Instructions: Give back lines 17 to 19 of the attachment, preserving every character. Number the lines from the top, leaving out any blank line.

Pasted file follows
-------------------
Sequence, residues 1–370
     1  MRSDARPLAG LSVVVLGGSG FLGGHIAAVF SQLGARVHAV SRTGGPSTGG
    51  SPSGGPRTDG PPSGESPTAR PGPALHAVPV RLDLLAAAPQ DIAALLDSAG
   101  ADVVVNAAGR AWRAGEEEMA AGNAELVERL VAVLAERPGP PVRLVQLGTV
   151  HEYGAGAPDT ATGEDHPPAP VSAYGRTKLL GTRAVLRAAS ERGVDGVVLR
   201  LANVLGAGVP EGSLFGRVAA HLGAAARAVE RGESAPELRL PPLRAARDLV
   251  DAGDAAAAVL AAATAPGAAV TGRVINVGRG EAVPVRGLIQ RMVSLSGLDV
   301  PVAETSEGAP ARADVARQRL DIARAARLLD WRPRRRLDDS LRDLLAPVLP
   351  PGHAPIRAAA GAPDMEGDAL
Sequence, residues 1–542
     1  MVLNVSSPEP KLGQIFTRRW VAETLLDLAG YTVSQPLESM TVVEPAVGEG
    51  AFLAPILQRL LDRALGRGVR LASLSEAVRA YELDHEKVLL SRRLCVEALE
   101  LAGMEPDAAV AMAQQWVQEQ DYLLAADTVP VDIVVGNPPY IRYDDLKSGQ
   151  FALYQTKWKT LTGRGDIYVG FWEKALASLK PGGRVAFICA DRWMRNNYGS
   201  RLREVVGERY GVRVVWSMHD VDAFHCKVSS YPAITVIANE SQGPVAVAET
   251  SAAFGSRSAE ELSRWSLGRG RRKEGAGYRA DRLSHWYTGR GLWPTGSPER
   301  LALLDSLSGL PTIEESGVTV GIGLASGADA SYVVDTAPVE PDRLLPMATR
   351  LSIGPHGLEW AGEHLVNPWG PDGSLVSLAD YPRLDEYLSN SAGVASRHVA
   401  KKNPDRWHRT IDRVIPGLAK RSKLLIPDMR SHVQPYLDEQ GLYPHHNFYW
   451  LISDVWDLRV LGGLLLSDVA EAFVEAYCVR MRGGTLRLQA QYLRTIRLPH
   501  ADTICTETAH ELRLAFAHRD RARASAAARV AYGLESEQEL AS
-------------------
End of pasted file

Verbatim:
   301  LALLDSLSGL PTIEESGVTV GIGLASGADA SYVVDTAPVE PDRLLPMATR
   351  LSIGPHGLEW AGEHLVNPWG PDGSLVSLAD YPRLDEYLSN SAGVASRHVA
   401  KKNPDRWHRT IDRVIPGLAK RSKLLIPDMR SHVQPYLDEQ GLYPHHNFYW